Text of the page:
In this video, you will get answers to these questions:
If you’re in an accident, how do people get your health care directive? That’s the question I’m answering today. I’m Aaron Hall, an attorney in Minneapolis, Minnesota. All right a healthcare directive. Let’s talk about what that is. First, you might know this as a living will. Basically, it’s a document that says, look, if I lose the capacity to make decisions for myself, I would like my wishes, my will honored in the medical decisions that are being made by doctors. It’s a way to give direction to health and medical professionals who are dealing with you when you no longer have the capacity. Maybe you’re in a car accident, maybe you have Alzheimer’s, maybe you have had a stroke, but that’s when a healthcare directive comes in play.
Now, the question is how do the people who need that healthcare directive gets it in the case of an accident? Well step one, you should make sure that your healthcare directive, once it’s properly filled out, is filed with your regular healthcare providers. That’s step number one. Step two is you can make sure that your loved ones know where it is, should they need to go find it. Maybe it’s in a fireproof safe in your house. Maybe it’s in a folder in your credenza, but make sure that your loved ones know where your healthcare directive is, so if something happens to you, they can go get it and give it to the physicians or healthcare professionals who are treating you.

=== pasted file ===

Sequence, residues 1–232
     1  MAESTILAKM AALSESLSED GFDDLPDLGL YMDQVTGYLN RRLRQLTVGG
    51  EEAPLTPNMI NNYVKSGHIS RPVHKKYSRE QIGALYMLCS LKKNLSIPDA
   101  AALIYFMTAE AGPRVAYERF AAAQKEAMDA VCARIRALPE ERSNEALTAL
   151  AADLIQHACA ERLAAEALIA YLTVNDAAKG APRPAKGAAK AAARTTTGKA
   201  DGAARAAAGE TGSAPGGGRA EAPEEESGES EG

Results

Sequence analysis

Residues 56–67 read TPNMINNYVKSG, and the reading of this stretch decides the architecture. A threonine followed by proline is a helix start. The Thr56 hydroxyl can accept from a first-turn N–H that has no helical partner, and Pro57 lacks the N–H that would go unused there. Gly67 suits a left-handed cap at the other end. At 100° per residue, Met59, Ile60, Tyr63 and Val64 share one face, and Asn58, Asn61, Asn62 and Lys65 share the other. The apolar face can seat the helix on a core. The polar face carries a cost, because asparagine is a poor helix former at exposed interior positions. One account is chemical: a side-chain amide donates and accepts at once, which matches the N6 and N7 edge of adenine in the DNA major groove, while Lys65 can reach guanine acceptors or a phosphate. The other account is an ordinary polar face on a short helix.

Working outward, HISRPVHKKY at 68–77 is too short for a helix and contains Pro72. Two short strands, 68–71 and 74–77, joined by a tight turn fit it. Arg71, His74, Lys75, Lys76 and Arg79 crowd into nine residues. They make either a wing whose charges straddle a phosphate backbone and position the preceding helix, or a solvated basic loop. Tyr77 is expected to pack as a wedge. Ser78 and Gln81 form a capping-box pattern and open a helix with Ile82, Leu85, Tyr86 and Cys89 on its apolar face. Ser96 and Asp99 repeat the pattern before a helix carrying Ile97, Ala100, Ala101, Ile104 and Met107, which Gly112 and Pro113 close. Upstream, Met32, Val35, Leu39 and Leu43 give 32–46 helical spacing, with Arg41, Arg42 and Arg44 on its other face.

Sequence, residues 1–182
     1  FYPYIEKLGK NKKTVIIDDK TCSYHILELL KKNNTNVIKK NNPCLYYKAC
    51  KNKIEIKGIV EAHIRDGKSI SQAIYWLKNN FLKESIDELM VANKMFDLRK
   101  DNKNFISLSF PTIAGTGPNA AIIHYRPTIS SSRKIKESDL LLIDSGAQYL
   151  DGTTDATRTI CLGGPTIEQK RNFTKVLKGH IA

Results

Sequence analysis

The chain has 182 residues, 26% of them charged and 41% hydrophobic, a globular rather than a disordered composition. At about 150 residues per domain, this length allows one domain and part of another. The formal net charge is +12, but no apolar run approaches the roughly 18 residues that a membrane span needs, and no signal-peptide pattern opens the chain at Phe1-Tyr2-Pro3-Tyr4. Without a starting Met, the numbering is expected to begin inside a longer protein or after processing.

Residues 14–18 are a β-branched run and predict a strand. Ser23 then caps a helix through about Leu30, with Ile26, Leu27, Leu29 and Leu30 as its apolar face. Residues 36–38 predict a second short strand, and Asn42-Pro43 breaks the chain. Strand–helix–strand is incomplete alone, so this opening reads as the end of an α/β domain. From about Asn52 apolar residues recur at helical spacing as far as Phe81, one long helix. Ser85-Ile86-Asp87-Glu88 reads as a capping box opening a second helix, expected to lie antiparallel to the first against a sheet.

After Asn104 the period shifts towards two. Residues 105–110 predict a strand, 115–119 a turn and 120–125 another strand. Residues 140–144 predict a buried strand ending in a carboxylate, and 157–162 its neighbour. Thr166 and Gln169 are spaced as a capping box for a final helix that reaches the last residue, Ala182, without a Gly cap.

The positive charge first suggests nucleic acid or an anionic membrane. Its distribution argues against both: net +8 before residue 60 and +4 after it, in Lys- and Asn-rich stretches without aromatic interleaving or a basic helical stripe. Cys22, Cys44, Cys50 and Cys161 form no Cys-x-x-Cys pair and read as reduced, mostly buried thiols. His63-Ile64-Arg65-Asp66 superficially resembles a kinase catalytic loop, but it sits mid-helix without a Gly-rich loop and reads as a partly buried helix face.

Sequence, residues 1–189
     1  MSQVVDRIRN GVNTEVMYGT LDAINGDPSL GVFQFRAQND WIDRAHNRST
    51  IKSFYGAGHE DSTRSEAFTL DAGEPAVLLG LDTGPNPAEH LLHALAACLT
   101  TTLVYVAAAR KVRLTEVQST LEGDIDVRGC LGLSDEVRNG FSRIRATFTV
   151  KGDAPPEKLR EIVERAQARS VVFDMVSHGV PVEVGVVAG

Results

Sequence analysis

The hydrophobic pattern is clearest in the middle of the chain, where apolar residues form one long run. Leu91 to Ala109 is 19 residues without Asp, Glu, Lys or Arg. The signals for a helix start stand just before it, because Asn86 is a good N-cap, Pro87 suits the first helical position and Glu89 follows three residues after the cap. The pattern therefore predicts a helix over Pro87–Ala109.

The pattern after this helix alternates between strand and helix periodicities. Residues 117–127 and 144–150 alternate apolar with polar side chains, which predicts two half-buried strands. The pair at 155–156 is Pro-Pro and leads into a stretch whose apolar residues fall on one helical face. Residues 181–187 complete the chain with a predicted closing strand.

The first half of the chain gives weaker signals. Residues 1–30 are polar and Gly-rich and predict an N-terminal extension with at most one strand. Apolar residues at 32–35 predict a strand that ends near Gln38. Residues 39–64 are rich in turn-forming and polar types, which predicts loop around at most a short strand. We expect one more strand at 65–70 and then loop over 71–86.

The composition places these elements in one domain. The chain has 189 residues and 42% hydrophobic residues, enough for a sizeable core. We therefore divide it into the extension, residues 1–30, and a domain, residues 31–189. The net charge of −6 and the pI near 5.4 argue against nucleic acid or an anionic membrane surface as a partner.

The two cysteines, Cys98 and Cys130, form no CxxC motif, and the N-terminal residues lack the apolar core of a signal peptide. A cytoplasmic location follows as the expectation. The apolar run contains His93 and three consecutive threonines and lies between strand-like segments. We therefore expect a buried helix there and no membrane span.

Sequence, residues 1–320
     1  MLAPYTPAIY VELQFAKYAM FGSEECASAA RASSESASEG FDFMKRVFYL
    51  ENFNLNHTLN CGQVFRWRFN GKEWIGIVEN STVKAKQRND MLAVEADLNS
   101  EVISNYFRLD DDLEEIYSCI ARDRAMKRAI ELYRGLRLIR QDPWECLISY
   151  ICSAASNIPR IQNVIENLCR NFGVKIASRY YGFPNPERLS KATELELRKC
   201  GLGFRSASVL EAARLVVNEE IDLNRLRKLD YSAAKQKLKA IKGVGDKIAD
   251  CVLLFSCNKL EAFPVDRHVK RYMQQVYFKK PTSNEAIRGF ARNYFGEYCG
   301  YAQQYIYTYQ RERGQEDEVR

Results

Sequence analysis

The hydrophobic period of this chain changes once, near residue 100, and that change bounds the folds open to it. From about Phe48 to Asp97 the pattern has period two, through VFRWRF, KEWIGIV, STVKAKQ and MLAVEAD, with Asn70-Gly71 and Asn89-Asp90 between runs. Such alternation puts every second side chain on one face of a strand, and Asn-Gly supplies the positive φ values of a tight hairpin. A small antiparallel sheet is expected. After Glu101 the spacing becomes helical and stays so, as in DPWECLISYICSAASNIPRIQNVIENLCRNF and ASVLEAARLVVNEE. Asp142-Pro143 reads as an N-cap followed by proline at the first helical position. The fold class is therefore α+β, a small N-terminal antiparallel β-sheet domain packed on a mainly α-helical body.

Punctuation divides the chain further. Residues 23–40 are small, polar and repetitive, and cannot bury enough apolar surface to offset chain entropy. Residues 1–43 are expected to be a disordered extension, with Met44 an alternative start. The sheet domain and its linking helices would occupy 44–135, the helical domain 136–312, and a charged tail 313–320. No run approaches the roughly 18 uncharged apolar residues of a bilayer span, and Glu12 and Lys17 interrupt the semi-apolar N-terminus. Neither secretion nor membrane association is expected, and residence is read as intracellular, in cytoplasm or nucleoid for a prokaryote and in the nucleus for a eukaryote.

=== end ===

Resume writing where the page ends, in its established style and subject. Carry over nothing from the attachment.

Finally, there are some services out there that will allow you to have your healthcare directive online with a secure URL link from a card in your wallet. DocuBank, for example, comes to mind. DocuBank provides a card that’s in your wallet, and so if you’re on a car accident, law enforcement or emergency responders can go through your personal belongings. They can see this card and give it to medical personnel who then are entitled to go online download in a secure manner by providing their credentials, downloading a secure copy of your healthcare directive.
A healthcare directive often gives guidance to the medical professionals, but it may also designate a person to make decisions for you. Perhaps a spouse, friend, child, sibling. So for example, in my case, my healthcare directive says my wife can make decisions if I’m not available, and it can even name, usually it can name some backups. So if my wife was also in the accident, who gets to then make the decisions?
If you’re interested in additional information about healthcare directives or other topics of this nature, you can see the link in the description below that goes to Aaronhall.com. If you have questions, feel free to add them in the comments section and don’t forget that this is based on Minnesota law. Every state has their own law and there’s an important disclaimer linked in the description below. Essentially, I give this general educational information to help educate people, but not as a substitute for legal advice. That’s where if you have an issue, you should talk with an attorney equipped and capable to handle this sort of issue. If you find these educational videos helpful, you’re welcome to subscribe here in this channel. Again, I’m Aaron Hall. Thanks for joining me here today.